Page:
Steven Andrew Soderbergh (born January 14, 1963) is an American film producer, screenwriter, cinematographer, editor, and an Academy Award-winning film director. He is best known for directing the films Sex, Lies, and Videotape, Erin Brockovich, Traffic, Ocean's Eleven and rest of the Ocean's series, Che and The Informant!.
Ricou Browning (born February 16, 1930) is an American film director, actor, producer and underwater cinematographer and action specialist. Browning was born in Fort Pierce, Florida and was a physical education major at Florida State University. He grew up to start a career in water shows, moving on to produce shows.
Gottfried Wilhelm "Billy" Bitzer (b. April 21, 1874, Roxbury, Boston, Massachusetts, d. April 29, 1944) was a pioneering cinematographer notable for his close association with D. W. Griffith, working with him on some of his most important films and contributing significantly to cinematic innovations attributed to Griffith.
Ron Fricke is an American film director and cinematographer, considered to be a master of time-lapse photography and large format cinematography. He was the director of photography for Koyaanisqatsi (1982) and directed the purely cinematic non-verbal non-narrative feature Baraka (1992). He designed and used his own 70mm camera equipment for Baraka and his later projects. He also directed the IMAX films Chronos (1985) and Sacred Site (1986).
Barry Sonnenfeld (born April 1, 1953) is an American filmmaker and television director. He worked as cinematographer for the Coen Brothers, then later he directed and produced big budget films such as Men in Black.
Paul Strand (October 16, 1890 – March 31, 1976) was an American photographer and filmmaker who, along with fellow modernist photographers like Alfred Stieglitz and Edward Weston, helped establish photography as an art form in the 20th century. His diverse body of work, spanning six decades, covers numerous genres and subjects throughout the Americas, Europe and Africa.
Lance Acord, A.S.C. (born September 9, 1964) is an American cinematographer. Acord was born in Marin County, California. He attended Sir Francis Drake High School's School Within A School (S.W.A.S. ) program and went on to study photography and filmmaking at the San Francisco Art Institute. He began his professional career with photographer/filmmaker Bruce Weber. Together they made documentaries, commercials, and music videos. Acord continued to work extensively in the latter mediums.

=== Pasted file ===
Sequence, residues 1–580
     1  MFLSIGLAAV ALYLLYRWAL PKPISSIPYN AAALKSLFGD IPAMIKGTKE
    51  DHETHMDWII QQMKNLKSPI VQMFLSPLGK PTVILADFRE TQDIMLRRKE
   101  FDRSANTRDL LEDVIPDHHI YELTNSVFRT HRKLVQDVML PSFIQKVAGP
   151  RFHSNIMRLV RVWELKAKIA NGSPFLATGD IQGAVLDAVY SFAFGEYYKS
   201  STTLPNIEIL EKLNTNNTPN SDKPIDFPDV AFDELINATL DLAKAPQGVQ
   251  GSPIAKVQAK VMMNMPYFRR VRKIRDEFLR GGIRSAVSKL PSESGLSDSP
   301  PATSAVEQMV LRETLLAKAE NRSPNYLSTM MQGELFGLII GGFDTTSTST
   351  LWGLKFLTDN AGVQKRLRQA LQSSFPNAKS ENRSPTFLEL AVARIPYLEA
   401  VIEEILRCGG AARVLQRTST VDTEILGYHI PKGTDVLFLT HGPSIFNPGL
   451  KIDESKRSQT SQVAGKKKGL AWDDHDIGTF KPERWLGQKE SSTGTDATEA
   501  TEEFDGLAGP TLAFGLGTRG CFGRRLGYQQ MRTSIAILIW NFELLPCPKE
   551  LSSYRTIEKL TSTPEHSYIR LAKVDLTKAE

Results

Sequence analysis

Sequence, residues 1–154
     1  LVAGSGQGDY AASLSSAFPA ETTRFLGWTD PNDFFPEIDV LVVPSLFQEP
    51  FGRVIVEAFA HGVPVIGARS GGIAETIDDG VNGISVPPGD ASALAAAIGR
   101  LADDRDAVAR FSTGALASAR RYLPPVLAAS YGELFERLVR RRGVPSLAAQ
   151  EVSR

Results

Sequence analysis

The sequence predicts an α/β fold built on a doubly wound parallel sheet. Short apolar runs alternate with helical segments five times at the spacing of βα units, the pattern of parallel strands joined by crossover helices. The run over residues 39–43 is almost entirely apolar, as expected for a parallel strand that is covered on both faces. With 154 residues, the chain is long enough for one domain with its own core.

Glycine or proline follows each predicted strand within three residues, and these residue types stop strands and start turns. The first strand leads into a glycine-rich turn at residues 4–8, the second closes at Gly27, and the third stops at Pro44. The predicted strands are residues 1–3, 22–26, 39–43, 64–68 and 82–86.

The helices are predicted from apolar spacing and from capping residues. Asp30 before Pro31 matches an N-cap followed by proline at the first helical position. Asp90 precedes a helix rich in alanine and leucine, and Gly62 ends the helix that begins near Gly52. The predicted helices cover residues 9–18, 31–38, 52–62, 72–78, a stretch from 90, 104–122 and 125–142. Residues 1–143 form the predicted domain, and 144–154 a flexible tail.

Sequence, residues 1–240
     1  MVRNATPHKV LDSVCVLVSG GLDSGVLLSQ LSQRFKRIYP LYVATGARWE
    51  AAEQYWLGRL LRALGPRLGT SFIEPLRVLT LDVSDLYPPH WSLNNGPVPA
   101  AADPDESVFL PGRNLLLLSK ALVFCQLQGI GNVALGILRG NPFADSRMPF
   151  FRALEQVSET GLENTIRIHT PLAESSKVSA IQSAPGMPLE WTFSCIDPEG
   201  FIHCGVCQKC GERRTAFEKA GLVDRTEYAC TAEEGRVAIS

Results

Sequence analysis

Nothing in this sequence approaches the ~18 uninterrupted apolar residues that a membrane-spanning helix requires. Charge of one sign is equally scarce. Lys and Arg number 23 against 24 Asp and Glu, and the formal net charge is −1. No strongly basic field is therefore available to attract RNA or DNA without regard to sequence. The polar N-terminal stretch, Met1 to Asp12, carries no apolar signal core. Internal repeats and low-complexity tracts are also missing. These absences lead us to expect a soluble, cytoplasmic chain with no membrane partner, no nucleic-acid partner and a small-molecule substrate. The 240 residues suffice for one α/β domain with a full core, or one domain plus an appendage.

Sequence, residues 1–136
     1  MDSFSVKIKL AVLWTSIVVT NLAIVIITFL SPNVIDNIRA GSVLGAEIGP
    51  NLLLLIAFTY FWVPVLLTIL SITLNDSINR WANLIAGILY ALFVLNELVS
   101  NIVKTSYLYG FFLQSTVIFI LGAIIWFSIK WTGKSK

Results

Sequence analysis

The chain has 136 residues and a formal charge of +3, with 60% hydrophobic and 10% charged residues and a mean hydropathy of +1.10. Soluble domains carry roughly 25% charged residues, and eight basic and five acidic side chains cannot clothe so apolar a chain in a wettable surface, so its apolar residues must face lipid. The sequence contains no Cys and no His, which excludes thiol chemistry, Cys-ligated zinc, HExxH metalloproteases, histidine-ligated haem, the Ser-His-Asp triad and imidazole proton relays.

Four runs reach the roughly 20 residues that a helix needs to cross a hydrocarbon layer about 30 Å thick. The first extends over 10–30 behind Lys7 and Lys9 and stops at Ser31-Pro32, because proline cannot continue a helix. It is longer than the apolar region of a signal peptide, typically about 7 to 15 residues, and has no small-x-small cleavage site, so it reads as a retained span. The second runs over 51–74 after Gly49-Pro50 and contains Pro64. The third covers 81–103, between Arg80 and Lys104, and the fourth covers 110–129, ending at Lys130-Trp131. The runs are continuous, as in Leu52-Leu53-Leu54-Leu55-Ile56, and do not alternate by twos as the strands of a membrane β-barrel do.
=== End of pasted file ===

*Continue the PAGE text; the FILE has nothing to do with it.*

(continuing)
Gregg Toland, A.S.C. (May 29, 1904, Charleston, Illinois – September 26, 1948, Los Angeles, California) was an American cinematographer noted for his innovative use of lighting and techniques such as deep focus, an example of which can be found in his work on Orson Welles' Citizen Kane. During the 1930s, Toland became the youngest cameraman in Hollywood but soon one of its most sought-after cinematographers.
Garrett Brown (native of Philadelphia, Pennsylvania) an American cinematographer, best known as the inventor of the Steadicam. Brown's invention allows cameramen to film while walking without the normal shaking and jostles of a handheld camera.
Neal L. Fredericks (July 24, 1969 in Newport Beach, California - August 14, 2004 in the Florida Keys) was an American motion picture cinematographer, most famous for The Blair Witch Project, noted and praised by critics for its distinctive cinéma vérité style of camera work. His other credits include Dreamers, Killer Me, The Stonecutter, Erosion, The Burkittsville 7, and Abominable. During his life, Fredericks lived in California, Guam, Spain, Florida, and Maryland.
Ray Dennis Steckler (January 25, 1938 – January 7, 2009), also known by the pseudonym Cash Flagg, was an American film director, producer, screenwriter and actor best known as the low-budget auteur of such cult films as The Incredibly Strange Creatures Who Stopped Living and Became Mixed-Up Zombies. In addition to Cash Flagg, Steckler was also known by the pseudonyms Sven Christian, Sven Hellstrom, Harry Nixon, Michael J. Rogers, Michel J.